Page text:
The FDA grants Fast Track Designation to drugs or biologics to facilitate the expedited development and review for therapeutics intended to treat serious or life-threatening conditions and to address unmet medical needs. Companies that receive Fast Track Designation are eligible for several potential benefits including the opportunity for more frequent meetings and interactions with the FDA during clinical development as well as eligibility for accelerated approval and/or priority review, if relevant criteria are met. Companies may also be allowed to submit sections of their Biologics License Application (BLA) on a rolling basis.

Read the full press release. 

Cabaletta Bio, Inc., a clinical-stage biotechnology company focused on the discovery and development of engineered T cell therapies for patients with B cell-mediated autoimmune diseases, announced on January 29, 2020 that the U.S. Food and Drug Administration (FDA) has granted Orphan Drug Designation for the Company’s lead product candidate, DSG3-CAART, for the treatment of pemphigus vulgaris (PV). DSG3-CAART is designed to target the cause of mucosal PV (mPV), B cells that express pathogenic autoantibodies directed against the DSG3 protein, while preserving normal B cell immune function.

“Mucosal pemphigus vulgaris is a rare and potentially fatal, chronic autoimmune disease characterized by the loss of adhesion between cells of mucous membranes, resulting in widespread damage, painful blisters of the mucosal membranes, and increased susceptibility to life-threatening systemic infections,” said David Chang, M.D., Chief Medical Officer of Cabaletta. “For affected patients, despite current treatment options, there is an urgent unmet need for more effective and durable therapies that can provide reliable, complete, and persistent remission from the disease beyond general immune suppression and B cell depletion provided by current treatment options. Orphan Drug Designation is an important recognition for investigational therapies for rare diseases and provides us with potentially valuable benefits as we prepare to initiate the DesCAARTes trial to generate and then report acute safety data from the first cohort of patients by the end of 2020.”

The FDA grants Orphan Drug Designation to drugs or biologics intended to treat or prevent rare diseases or conditions that affect fewer than 200,000 individuals in the United States. This designation qualifies Cabaletta for certain incentives, which may include partial tax credit for clinical trial expenditures, waived user fees and potential eligibility for seven years of marketing exclusivity.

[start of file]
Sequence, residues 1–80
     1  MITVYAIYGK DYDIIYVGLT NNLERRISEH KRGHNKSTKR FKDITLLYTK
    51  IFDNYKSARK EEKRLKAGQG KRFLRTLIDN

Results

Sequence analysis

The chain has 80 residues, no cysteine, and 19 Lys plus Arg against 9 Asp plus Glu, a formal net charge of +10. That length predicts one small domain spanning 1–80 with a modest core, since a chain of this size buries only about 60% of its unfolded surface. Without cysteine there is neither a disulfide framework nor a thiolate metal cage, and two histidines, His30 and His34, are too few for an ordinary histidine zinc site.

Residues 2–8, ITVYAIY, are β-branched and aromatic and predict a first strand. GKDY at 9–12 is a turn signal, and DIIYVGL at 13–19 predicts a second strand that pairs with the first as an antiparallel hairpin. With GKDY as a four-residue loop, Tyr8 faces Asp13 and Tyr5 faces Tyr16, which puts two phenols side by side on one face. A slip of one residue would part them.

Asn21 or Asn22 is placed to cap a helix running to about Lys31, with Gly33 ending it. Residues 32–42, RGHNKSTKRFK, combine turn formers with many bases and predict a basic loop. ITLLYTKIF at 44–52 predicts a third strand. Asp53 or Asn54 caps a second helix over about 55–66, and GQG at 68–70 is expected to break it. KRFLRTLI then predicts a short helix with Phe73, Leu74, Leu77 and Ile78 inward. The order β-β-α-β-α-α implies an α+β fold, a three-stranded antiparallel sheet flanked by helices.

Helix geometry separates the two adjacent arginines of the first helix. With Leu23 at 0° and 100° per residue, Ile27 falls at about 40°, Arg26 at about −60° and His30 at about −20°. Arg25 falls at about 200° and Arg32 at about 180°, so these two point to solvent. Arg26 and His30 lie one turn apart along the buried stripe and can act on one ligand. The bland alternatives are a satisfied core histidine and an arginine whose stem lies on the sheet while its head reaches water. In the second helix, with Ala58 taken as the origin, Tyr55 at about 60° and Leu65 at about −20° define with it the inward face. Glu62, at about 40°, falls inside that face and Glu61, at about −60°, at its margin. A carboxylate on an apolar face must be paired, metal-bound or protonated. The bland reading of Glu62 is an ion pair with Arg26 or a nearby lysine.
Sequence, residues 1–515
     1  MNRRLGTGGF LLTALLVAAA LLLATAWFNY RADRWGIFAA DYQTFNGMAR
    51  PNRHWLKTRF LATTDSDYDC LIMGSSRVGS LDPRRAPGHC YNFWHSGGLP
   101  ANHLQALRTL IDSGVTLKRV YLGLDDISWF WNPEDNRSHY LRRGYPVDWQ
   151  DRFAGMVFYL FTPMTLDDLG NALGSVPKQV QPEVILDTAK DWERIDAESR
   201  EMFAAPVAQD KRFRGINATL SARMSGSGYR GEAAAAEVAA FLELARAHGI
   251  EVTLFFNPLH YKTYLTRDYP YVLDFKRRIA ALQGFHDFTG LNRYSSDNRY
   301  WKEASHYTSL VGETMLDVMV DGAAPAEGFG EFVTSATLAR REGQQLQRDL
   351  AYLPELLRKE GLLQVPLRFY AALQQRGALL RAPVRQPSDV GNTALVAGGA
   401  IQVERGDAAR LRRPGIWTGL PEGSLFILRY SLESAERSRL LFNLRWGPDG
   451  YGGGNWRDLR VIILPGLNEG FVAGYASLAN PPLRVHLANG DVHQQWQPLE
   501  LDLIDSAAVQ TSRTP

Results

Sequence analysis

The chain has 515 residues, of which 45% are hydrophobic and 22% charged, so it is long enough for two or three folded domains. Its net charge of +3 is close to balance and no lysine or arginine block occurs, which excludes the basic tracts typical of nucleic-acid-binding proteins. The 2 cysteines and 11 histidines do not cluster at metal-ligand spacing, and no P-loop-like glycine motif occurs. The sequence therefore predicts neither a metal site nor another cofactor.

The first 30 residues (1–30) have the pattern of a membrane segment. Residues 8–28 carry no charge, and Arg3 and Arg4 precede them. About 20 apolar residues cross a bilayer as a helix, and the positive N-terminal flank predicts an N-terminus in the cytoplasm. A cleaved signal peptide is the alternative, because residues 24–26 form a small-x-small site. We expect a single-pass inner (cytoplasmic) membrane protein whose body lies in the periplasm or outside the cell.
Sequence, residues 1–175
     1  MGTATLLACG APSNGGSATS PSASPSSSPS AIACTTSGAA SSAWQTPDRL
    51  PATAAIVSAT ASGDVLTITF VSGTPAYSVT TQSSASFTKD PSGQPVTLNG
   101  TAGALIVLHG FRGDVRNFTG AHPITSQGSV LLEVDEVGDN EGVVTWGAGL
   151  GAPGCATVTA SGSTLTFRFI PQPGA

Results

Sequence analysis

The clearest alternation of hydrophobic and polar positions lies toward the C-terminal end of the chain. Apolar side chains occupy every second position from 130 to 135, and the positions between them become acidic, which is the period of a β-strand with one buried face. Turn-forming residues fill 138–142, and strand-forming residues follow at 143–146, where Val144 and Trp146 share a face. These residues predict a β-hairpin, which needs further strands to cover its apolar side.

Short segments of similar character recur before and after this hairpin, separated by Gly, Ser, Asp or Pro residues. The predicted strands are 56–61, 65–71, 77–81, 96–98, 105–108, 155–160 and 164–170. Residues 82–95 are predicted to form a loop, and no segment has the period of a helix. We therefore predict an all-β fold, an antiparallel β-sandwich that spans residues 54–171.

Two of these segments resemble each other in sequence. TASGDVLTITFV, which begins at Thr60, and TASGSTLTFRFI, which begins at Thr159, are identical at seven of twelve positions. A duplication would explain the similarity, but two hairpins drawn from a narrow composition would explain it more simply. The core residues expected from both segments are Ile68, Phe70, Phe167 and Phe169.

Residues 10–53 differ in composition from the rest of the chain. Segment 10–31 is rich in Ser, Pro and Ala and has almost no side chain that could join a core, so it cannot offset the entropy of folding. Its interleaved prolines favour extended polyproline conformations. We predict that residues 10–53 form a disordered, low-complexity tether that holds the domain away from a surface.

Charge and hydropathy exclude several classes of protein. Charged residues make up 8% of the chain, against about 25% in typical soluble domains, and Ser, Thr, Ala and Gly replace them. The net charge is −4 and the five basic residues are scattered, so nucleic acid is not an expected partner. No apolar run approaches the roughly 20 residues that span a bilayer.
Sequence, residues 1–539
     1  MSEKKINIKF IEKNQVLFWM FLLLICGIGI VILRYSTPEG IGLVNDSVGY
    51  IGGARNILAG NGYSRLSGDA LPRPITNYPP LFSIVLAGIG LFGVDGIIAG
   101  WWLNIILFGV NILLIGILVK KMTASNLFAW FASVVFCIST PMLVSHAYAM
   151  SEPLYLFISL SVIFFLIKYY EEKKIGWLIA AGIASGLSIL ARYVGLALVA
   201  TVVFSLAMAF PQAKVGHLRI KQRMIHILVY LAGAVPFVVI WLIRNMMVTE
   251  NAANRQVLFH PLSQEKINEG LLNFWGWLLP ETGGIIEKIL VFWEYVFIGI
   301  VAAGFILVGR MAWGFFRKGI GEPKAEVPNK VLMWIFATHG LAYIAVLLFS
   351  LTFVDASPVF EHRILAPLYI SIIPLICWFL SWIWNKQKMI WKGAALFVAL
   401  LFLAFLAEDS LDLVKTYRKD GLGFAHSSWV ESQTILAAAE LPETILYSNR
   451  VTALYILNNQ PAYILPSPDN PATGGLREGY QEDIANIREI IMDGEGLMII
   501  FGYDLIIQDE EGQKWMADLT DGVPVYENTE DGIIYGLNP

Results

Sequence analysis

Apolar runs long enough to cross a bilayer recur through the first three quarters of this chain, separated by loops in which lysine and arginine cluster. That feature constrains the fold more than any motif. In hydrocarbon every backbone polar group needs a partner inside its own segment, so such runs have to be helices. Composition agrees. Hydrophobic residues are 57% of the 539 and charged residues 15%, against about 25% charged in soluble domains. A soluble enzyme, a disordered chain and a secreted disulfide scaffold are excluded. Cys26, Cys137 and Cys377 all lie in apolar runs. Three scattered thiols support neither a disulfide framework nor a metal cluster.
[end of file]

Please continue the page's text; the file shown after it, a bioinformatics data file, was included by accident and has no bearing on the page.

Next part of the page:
Read the full press release.

On September 12, 2018, the U.S. Food and Drug Administration (FDA) granted an orphan drug designation to Syntimmune Inc.’s SYNT001 for the treatment of pemphigus.

“This is an important milestone for the SYNT001 clinical development program and highlights the high unmet medical need for new therapies with the potential to improve the lives of pemphigus patients and their families,” said Jean-Paul Kress, MD, president and CEO of Syntimmune. “We believe there is significant potential for SYNT001 in pemphigus and other autoimmune diseases and look forward to providing additional clinical data.”

Positive preliminary results from a phase 1b proof-of-concept trial of SYNT001 in patients with pemphigus served as the basis for the approval. In the first cohort, SYNT001 was observed to be well tolerated and induced a rapid reduction in IgG and circulating immune complex levels. In addition, as measured by Pemphigus Disease Area Index (PDAI) score, SYNT001 induced clinical improvement, with clinical effect persisting beyond the treatment period.

Immune Pharmaceuticals, Inc., a biopharmaceutical company developing novel therapeutic agents for the treatment of immunologic and inflammatory diseases, announced today that the U.S. Food and Drug Administration (FDA) has granted Fast Track designation to bertilimumab for the treatment of bullous pemphigoid (BP).